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Old 07-27-2009, 08:17 PM   #51
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Re: Solar power questions...

Man that sounds like a nice system Sean!

I was looking at the Trojan batteries, was told there is nothing better! If you don't mind me asking, how much are those batts each? Your DC fridge only draws 25 watts? Thats really good! What size is the fridge?

We were thinking about a wind generator but are unsure how much wind we will get on the property & I would imagine if we were to place it on top of the hill we would have a good wind but the wire run would be way too long to make it efficient...We shall see when we get there!

So what do you do for water & waste disposal while living in yer bus? I am guessing it is just you? Oh yea, your bus looks like it is a bit short... how long is it? The interior is very nice & I am digging the round window door, very cool...
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Old 07-27-2009, 08:56 PM   #52
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Re: Solar power questions...

Quote:
Originally Posted by ezbme
Man that sounds like a nice system Sean!

I was looking at the Trojan batteries, was told there is nothing better! If you don't mind me asking, how much are those batts each? Your DC fridge only draws 25 watts? Thats really good! What size is the fridge?

We were thinking about a wind generator but are unsure how much wind we will get on the property & I would imagine if we were to place it on top of the hill we would have a good wind but the wire run would be way too long to make it efficient...We shall see when we get there!

So what do you do for water & waste disposal while living in yer bus? I am guessing it is just you? Oh yea, your bus looks like it is a bit short... how long is it? The interior is very nice & I am digging the round window door, very cool...
The batteries were about $200 each, bought at a Batteries Plus store.

The fridge is a Nova-Kool R4500, 4.3 cu ft, teeny freezer. After doing an analysis of electrical consumption, for many households, it turns out refrigeration is the #1 electrical load. An inefficient fridge may mean an extra panel and a battery or two, so in that way, a $200 dorm fridge may cost more than an $800 efficient fridge.

For water, I just have to park where there is a water supply. I don't really have a way to haul water (with a motorcycle...would be interesting). Grey water goes onto the ground where allowed, otherwise into a sewer connection, or I use a 22-gallon Blue Boy to lug it if the sewer dump is far away. No blackwater because I use a waterless composting toilet.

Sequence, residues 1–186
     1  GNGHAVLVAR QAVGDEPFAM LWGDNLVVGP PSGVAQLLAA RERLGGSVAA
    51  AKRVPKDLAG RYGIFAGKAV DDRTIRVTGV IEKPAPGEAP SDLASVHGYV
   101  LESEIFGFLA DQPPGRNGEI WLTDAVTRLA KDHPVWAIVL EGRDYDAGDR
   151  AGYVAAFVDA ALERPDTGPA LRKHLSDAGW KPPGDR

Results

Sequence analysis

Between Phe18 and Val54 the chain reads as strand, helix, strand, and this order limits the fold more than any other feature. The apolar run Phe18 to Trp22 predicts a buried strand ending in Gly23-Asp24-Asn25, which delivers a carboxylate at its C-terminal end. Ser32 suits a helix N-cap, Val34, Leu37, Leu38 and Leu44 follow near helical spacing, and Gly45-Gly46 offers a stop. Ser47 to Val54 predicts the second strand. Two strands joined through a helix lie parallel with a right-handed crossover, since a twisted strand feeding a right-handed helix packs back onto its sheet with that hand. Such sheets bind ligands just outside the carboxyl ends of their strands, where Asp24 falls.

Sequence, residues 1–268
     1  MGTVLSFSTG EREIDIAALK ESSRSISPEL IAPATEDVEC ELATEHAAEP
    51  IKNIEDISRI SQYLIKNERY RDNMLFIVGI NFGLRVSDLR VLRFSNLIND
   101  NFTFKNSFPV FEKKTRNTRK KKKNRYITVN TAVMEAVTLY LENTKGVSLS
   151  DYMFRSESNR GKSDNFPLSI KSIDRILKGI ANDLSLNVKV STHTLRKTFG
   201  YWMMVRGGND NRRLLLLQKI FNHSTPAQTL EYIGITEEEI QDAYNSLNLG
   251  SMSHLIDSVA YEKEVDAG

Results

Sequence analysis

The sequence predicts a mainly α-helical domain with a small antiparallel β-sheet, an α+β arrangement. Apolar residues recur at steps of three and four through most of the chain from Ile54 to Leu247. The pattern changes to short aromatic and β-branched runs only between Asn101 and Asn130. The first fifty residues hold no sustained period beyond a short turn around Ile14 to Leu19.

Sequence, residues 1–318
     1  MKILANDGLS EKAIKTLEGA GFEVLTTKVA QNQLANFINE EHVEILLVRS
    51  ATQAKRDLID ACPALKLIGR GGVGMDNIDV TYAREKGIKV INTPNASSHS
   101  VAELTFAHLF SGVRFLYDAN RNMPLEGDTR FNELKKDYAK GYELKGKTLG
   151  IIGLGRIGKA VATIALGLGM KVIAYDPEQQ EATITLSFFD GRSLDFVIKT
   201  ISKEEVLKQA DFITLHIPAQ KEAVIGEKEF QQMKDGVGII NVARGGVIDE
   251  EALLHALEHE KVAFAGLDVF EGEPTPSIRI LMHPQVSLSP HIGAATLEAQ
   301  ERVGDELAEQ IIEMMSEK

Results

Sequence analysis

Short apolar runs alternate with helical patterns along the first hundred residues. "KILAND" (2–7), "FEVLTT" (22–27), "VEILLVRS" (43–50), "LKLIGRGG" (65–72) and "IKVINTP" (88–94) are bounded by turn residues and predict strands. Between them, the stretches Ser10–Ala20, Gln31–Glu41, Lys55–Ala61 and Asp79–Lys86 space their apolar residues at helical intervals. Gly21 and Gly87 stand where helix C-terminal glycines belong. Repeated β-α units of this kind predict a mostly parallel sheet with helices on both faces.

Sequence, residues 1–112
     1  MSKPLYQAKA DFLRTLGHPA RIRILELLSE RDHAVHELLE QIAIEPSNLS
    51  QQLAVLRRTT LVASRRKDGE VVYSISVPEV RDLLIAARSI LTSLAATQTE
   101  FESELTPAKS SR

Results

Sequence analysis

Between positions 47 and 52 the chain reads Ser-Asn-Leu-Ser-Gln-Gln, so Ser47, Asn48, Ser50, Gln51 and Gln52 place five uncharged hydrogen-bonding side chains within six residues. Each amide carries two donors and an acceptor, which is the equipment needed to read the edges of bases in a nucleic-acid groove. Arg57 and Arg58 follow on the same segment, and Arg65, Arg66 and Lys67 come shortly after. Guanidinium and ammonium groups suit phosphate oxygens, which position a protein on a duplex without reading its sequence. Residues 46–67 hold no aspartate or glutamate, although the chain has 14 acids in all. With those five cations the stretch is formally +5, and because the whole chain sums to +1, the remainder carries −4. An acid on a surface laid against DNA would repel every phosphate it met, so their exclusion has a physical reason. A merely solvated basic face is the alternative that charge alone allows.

Yep it's just me in the bus, along with the cat. The bus is 29' bumper-to-bumper, 23' interior length from rear of doghouse to back wall. A good size for one person, or two people who get along really well.
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Old 07-29-2009, 05:41 PM   #53
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Re: Solar power questions...

Thanks for taking the time to answer all of my questions Sean, it has been alot of help for me to understand solar power a little more! I will check out the battery store next week to see what my options are & to get some advice from them also. You really use alot of solar power for your business, quite impressive! I hope I am able to get ours working efficiently & to our needs but still have so much to learn. I am on some solar forums & so many people have so many different opinions & it really is discouraging sometimes...
I really like your bus, you have done a great job setting her up!

Jonathan
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Old 07-29-2009, 11:27 PM   #54
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Re: Solar power questions...

A couple of things from the older posts:

1. Your homesite looks great. Personally, my only worry in buying something like that sight unseen would be if it had a good water supply. Good luck and have fun.

2. When you used the online battery sizing calculator, you left the second column (which is daily use) at zero for the heavier loads. If you look at the "Total Daily WattHours required" box, its total of 820 is just for the computer and misc loads. The first column is instantaneous loads, and is useful for inverter sizing. The second column is for accumulated usage, and is the basis for the battery bank sizing.

Since you have a Kill-a-Watt, let it accumulate the usage on each appliance for 24 or more hours, and in the second column enter the accumulated watt-hours adjusted to 24 hours (two-thirds of a 36 hour total, one-half of 48 hours, etc). This will come up with a somewhat larger battery requirement.

3. If the photovoltaic panel label in the next photo is the panel you got, notice that it only makes 90 watts at 17 volts! (Max power 17 volts x 5.29 amps = 89.93 watts in 'standard' sunlight) If you have a Maximum Power Point Tracking (MPPT) charge controller, you can get close to the 90 watts, with the panel running at around 17 volts and its output being down-converted to 12 volts for the battery. If you use a simple 'disconnect when full' overcharge prevention limiter, you will get much less power.

Look at the 5.77 amp Isc short circuit current and the 21.5 volt Voc open circuit voltage. The power curve for a panel generally looks like a horizontal line at 5.77 amps starting at zero volts up through maybe 15 volts, then falls off to zero amps as it curves down to 21.5 volts. The maximum output point is on that curve between the maximum current and maximum voltage points.